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Impact of migration on agriculture and gender - Case study from Northeast of Bihar in India and Nepal Terai

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Why does rural poverty persist when men migrate in S Asia? Presentation by Panchali Saikia on research conducted in Bihar and Nepal terai.

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Impact of migration on agriculture and gender - Case study from Northeast of Bihar in India and Nepal Terai

  1. 1. Impact of migration on agriculture and gender- Case study from Northeast of Bihar in India and Nepal Terai Presented by: Panchali Saikia, Scientific Officer-Social Science, IWMI Delhi Project Supervisor: Dr. Fraser Sugden Other Researchers: Niki Maskey, Anoj Kumar, Paras Pokharel OUTWARD MIGRATION AND FEMINIZATION OF AGRICULTURE IN SOUTH ASIA November 26th-27th, 2015 New Delhi
  2. 2. 11/26/2015 To identify the impact of out-migration on agricultural (decision making and investment patterns) and gender RESEARCH OBJECTIVE 2
  3. 3. 11/26/2015 METHODOLOGY  Household survey to collect Information on agricultural production, remittances and income  Focus Group Discussions to understand women’s daily household, agricultural activities, community participation and assess their perceptions and experiences of male out-migration • 3 FGDs in Bihar and 8 in Nepal  Sampling  Participants for FGD selected through field visit to represent from households with migrant wage labourers Villages/Tola in Madhubani Number of participants Naagtolia Goshala Chathra 10 10 15  Sampling  Snowball sampling  included identifying marginal farmers and cross section of households from ethnic and caste groups Field work conducted in Bihar and Nepal between January and July 2014 District VDC/Panchayat Number of women Saptari Odraha and Lalapatti VDC 41 Dhanusha Thadi Jijha VDC 44 Madhubani Rakuwari Panchayat 42 3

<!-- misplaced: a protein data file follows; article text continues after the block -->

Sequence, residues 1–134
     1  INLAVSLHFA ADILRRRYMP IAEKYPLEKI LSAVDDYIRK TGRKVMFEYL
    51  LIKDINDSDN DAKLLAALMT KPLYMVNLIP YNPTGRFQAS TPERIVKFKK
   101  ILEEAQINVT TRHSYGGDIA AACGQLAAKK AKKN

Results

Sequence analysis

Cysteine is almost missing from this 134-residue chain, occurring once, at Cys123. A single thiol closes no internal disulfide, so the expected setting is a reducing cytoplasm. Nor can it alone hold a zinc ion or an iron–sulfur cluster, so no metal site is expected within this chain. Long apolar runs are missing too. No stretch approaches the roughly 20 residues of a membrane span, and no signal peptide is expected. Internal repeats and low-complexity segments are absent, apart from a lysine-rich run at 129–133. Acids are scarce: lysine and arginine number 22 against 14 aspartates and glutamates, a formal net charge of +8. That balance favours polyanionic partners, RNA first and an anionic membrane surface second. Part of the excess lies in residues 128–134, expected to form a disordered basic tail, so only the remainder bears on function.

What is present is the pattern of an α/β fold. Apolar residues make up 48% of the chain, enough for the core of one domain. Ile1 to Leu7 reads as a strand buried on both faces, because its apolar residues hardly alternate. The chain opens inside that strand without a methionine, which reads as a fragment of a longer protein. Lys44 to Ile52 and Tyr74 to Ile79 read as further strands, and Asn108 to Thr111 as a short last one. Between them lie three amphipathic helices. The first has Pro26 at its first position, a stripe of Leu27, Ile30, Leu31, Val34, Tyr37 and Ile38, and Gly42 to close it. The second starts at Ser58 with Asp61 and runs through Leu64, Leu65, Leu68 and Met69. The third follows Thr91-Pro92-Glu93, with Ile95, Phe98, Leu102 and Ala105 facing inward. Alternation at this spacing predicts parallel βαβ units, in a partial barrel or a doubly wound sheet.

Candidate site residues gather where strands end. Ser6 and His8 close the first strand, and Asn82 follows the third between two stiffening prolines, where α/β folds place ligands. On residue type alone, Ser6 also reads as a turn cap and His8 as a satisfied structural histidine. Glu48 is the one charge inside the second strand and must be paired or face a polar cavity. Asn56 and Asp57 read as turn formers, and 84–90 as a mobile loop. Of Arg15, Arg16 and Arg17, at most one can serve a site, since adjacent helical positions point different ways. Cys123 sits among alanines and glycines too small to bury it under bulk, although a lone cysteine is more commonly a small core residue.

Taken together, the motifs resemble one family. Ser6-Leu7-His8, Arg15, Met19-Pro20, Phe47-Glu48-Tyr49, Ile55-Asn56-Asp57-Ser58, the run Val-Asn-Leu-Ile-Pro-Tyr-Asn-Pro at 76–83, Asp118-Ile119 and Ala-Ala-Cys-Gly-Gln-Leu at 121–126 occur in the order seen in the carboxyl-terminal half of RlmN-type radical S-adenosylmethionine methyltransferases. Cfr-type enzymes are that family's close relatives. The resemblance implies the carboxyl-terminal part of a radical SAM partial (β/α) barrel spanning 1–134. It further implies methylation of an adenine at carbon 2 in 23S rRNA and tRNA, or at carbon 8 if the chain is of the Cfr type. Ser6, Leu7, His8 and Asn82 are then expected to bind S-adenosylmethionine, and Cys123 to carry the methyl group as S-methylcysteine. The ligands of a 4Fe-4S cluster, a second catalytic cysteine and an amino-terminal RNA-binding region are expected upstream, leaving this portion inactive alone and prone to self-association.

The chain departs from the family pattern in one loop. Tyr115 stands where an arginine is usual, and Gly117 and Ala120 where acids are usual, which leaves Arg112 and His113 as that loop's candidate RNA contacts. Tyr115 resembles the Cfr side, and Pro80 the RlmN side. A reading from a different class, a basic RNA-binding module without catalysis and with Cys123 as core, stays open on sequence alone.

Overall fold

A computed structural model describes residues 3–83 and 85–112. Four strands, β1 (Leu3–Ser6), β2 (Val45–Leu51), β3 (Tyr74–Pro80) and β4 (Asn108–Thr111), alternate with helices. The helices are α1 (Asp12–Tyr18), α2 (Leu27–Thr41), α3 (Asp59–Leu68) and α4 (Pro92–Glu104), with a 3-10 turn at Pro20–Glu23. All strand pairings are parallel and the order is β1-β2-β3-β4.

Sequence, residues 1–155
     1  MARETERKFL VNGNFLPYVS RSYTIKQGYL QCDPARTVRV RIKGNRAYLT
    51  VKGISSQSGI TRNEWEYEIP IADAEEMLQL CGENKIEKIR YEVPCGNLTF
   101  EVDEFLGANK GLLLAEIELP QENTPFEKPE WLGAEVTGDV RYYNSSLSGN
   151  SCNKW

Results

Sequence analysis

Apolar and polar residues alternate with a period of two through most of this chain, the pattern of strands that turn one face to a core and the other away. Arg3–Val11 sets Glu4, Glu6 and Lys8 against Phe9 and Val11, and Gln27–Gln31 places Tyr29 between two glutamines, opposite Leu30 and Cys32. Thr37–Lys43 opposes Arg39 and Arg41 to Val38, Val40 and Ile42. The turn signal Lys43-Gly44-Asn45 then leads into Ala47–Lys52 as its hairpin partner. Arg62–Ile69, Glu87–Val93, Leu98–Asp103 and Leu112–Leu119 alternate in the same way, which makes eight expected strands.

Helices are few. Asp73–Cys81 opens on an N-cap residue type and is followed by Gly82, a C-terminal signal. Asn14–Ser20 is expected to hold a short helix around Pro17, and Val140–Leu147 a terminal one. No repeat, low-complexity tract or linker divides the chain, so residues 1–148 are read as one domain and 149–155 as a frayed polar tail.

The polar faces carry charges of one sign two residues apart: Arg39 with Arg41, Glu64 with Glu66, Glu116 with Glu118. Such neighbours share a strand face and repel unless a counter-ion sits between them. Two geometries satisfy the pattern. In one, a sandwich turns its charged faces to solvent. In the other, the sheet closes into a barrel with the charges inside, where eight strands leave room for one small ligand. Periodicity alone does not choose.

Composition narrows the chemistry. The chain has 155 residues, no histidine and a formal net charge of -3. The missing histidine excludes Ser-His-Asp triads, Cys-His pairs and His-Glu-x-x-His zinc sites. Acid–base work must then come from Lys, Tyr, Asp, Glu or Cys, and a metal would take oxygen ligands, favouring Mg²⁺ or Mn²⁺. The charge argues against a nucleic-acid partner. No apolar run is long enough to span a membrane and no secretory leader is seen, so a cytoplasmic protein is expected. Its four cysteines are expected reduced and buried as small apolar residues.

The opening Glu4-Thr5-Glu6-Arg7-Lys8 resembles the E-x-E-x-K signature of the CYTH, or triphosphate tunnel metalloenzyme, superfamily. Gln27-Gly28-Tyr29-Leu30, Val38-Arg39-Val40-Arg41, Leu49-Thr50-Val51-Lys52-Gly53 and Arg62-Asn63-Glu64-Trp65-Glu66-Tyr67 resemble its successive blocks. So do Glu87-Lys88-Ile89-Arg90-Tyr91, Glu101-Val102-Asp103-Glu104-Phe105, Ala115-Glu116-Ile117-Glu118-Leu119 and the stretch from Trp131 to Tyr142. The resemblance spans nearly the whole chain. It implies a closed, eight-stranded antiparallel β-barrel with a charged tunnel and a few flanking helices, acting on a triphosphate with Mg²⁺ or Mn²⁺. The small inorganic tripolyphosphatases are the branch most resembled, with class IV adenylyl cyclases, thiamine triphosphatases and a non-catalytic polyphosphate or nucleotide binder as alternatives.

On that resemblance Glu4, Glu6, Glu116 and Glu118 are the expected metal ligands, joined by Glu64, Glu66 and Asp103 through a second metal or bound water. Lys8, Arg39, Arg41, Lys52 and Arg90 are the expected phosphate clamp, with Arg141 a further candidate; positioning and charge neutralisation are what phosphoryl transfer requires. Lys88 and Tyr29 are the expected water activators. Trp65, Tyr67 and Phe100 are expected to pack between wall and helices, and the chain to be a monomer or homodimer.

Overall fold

4. 4. Research Findings 11/26/2015 4 1. MIGRATION TYPES 2. REASON OF MIGRATION 3. MIGRATION, REMITTANCES AND CHANGED AGRICULTURAL PRACTICES How remittances are invested, and whether migration is actually contributing to socio-economic upliftment? • Allocation of remittances according to farmer land ownership category • Investments following migration of family member • Irrigation use before and after migration • Change in land ownership 4. WORK BURDEN AND LABOUR ALLOCATION IN THE CONTEXT OF OUT- MIGRATION • Impact on agricultural productivity 5. COMMUNITY BREAKDOWN AND IMPACT ON IRRIGTATION INFRASTRUCTURES 6. GENDER EMPOWERMENT
  5. 5. 11/26/2015 MIGRATION TYPES 7 .0% 10.0% 20.0% 30.0% 40.0% 50.0% 60.0% 70.0% 80.0% 90.0% 100.0% Dhanusha Saptari Madhubani Percentage of permanent and seasonal migrants across three districts Permanent Seasonal Both Districts Destinations Madhubani Permanent: Delhi, Mumbai, Kolkata Seasonal: Punjab, Haryana Dhanusha and Saptari Permanent: Gulf countries, Malaysia, India
  6. 6. 11/26/2015 REASON OF MIGRATION 0 10 20 30 40 50 60 70 80 90 100 Percent of Cases  larger percentage of respondents noted economic insecurity, and basic food needs, no cash income from agriculture as the main reason  many household members migrate primarily to repay past debts  to purchase food  paying for dowry and weddings  facilitate migration mostly in the context of overseas migration such as in Saptari and Dhanusha  Generation of wealth and long term investment is not immediately noted as a reason for migration – subsistence priority 8